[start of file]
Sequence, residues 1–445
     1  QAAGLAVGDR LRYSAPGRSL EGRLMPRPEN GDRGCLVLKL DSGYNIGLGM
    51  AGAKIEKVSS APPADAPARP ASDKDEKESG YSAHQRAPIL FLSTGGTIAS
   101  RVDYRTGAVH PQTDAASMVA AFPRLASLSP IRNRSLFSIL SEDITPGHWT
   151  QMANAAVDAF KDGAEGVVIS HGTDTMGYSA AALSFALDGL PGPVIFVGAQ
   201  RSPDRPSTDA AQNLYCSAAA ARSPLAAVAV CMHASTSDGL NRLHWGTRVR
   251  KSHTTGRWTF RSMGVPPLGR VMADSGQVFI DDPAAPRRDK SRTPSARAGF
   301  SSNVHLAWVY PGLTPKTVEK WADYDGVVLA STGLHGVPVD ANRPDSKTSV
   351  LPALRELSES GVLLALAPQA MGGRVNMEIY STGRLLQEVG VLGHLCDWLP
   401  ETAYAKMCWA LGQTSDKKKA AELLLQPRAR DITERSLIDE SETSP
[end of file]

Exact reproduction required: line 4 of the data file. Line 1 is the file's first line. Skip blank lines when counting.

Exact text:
   101  RVDYRTGAVH PQTDAASMVA AFPRLASLSP IRNRSLFSIL SEDITPGHWT